CDFW Hot Creek Hatchery to Host First Trout Fest

The Hot Creek Hatchery in Inyo County will host its first family-friendly Trout Fest on Saturday, June 29 from 10 a.m. to 2 p.m.  Trout Fest is a free fishing celebration that introduces people to the sport of trout fishing and gives the public a close up view of the millions of trout on site and hatchery operations.

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CDFW staff and volunteers teach attendees the basics of trout fishing from knot-tying to catching, cleaning and cooking trout.  Fly-fishing groups will demonstrate the art of fly-tying, casting and catch-and-release techniques.

Children can feed the fish in the raceways and try their hands (literally) at catching a trout in the either the raceway or the onsite ponds. Art activities will run continuously, including gyotaku, the traditional Japanese art of fish printing, wildlife stamp tattoos and face painting.

The trout tasting booth features grilling demonstrations, free recipes and samples of foil-wrapped barbecued trout.  CDFW will also feature its 1928 Dodge Hatchery Planting Truck, and wildlife officers will be on hand to answer questions and demonstrate how their K9 units operate. Visitors  will be able to see various life stages of trout up close in the living stream display.

Admission to the Trout Fest and all related activities are free. All tackle is provided. No outside tackle or rods are allowed. Children 15 and under can fish with a one-fish limit.

The Hot Creek Hatchery is located about 37 miles north of Bishop, or 3.5 miles south of the junction of U.S. Highway 395 and State Route 203, near the Mammoth-Yosemite Airport, follow the signs for parking.

Media Contacts:
Jana Lerian, CDFW Region 4, (559) 539-6644
Andrew Hughan, CDFW Communications, (916) 322-8944

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Lakes and Streams Looking Good for Eastern Sierra Trout Season Opener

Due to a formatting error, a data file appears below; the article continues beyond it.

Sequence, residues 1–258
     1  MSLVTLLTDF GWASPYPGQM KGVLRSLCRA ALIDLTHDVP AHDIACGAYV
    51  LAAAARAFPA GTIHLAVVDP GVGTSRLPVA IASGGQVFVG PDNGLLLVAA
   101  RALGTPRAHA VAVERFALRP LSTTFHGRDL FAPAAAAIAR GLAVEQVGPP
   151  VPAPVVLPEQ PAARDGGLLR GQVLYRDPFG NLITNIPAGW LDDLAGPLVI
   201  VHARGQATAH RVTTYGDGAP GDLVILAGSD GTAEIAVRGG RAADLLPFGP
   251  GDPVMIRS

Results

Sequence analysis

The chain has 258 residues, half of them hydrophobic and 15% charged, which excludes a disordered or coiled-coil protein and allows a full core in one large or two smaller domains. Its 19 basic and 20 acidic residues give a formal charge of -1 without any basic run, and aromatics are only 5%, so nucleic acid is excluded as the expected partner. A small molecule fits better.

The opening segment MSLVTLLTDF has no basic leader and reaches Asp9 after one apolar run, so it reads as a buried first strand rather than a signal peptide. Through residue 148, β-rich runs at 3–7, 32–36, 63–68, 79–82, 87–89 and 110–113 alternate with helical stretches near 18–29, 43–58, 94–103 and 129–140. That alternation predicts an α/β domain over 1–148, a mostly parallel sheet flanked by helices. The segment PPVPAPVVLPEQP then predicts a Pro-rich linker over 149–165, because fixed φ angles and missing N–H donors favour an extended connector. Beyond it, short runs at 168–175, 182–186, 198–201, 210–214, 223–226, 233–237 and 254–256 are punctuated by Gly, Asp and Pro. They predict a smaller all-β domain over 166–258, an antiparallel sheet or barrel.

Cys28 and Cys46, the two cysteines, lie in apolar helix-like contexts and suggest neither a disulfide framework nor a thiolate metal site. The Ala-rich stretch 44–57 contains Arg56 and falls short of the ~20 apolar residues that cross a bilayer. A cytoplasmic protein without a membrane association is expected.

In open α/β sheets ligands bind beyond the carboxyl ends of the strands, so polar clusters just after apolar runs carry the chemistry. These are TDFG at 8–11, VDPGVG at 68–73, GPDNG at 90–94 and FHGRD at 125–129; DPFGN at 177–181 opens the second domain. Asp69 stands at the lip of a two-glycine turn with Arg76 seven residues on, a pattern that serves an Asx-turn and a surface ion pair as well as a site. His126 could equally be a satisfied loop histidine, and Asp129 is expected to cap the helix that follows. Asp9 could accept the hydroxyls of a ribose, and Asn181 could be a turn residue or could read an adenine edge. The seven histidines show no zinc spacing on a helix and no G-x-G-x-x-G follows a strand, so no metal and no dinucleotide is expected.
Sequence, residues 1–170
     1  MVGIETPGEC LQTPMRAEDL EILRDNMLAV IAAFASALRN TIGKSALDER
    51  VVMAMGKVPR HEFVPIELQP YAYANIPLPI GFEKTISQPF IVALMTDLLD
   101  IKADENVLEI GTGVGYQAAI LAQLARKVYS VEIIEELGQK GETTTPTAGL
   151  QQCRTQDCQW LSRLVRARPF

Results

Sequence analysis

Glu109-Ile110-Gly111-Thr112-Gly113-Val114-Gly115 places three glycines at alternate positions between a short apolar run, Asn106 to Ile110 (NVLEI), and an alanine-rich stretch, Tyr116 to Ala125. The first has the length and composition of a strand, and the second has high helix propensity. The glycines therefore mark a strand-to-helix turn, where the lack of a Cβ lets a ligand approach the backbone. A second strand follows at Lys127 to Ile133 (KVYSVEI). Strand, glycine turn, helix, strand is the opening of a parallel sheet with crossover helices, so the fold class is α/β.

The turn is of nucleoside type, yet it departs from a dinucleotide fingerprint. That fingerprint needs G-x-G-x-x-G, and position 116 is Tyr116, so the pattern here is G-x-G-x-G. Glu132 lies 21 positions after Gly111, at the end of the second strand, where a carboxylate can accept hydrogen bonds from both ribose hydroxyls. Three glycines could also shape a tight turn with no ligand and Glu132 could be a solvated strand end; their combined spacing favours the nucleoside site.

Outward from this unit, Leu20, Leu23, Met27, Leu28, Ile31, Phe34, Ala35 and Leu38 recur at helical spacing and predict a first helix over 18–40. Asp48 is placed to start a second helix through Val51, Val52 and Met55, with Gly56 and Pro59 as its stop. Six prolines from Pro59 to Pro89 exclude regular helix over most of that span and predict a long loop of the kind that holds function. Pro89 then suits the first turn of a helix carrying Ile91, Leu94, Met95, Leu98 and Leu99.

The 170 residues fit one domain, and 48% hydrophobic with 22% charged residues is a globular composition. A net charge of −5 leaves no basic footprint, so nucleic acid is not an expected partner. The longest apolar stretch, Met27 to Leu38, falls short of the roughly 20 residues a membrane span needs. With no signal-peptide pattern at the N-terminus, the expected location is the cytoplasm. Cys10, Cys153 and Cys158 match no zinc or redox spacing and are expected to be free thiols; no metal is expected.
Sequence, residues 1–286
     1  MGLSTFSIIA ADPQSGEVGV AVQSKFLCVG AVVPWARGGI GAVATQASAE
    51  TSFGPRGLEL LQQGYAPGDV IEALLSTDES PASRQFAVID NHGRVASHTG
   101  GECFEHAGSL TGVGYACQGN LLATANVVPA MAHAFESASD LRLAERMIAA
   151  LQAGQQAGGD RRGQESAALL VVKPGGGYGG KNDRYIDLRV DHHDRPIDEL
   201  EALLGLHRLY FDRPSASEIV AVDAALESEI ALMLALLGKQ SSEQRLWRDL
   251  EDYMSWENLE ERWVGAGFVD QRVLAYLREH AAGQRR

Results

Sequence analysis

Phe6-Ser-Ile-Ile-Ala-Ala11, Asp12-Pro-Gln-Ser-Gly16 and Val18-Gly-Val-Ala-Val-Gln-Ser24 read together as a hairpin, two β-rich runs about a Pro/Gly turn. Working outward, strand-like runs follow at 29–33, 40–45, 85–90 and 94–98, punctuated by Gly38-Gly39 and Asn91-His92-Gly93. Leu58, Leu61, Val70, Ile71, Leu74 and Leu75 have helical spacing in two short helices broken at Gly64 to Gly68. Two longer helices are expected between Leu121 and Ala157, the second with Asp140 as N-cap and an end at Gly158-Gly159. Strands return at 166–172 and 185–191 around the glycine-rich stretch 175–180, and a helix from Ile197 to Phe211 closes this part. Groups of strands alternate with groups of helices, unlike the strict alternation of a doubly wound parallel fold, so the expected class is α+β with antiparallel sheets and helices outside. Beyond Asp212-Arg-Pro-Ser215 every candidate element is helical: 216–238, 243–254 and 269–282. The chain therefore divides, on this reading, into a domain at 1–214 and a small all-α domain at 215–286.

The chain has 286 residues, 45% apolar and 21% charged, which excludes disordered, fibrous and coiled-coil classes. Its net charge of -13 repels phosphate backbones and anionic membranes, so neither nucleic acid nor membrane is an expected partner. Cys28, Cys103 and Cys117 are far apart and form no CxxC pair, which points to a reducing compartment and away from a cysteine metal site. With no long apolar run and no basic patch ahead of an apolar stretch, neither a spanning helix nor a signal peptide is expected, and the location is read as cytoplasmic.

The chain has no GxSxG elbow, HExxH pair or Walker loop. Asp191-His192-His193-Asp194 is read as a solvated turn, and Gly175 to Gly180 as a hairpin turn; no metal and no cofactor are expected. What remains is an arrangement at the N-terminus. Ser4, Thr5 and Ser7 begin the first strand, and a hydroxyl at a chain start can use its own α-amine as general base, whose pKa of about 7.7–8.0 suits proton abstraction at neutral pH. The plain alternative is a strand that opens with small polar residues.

The California Department of Fish and Wildlife (CDFW) anticipates good fishing for the eastern Sierra trout opener due to early spring conditions and rising temperatures.

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Warm weather has been melting snow and ice on lakes that often are still frozen in late spring, giving anglers more access to lakes, streams and waterways for the Saturday, April 27 season opener. Lakes below 8,000 feet have already thawed and higher lakes could thaw considerably more prior to opening day.

Warmer water often means the fish have had more time to forage and add some weight after the winter. Hatcheries have begun to stock the open waters.

CDFW biologists have been surveying the waters and have made the following observations:

  • Crowley Lake is ice-free and has been open for two months.
  • Bridgeport Reservoir, Convict Lake, Crowley Lake, Lundy Lake and the Twin Lakes in Bridgeport are all open and ice-free.
  • The entire June Lake Loop, including June Lake, Gull Lake, Silver Lake and Grant Reservoir are all ice-free. Water level at Grant Reservoir is very low.
  • East Walker River is at very low flow but fishing is good with no ice or muddy areas. East Walker River is open to catch-and-release fishing all winter.
  • Monitor Pass is open.
  • The Bishop Creek drainage roads are open and the roads are snow-free, the creek, south and middle forks will be fishable. North Lake and Weir Pond are ice-free and open.
  • In the Mammoth Lakes Basin, Twin Lakes are open, no update on Mamie, Mary or George Lakes.
  • Rock Creek Lake is 50 percent open and melting. The road is open and all shoreline is accessible.
  • In Virginia Lakes, road is still closed due to highway work.

Anglers are reminded that anyone over 16 must have a valid California fishing license in their possession while fishing and that the limit for trout is five fish per day and 10 in possession.

CDFW wildlife officers will be in the area for the opener and enforcing the laws and regulations. On opening weekend last year wardens contacted 3,355 anglers, gave 73 warnings and wrote 91 citations for fishing without a license, catching more than the limit and other Fish and Game Code Violations.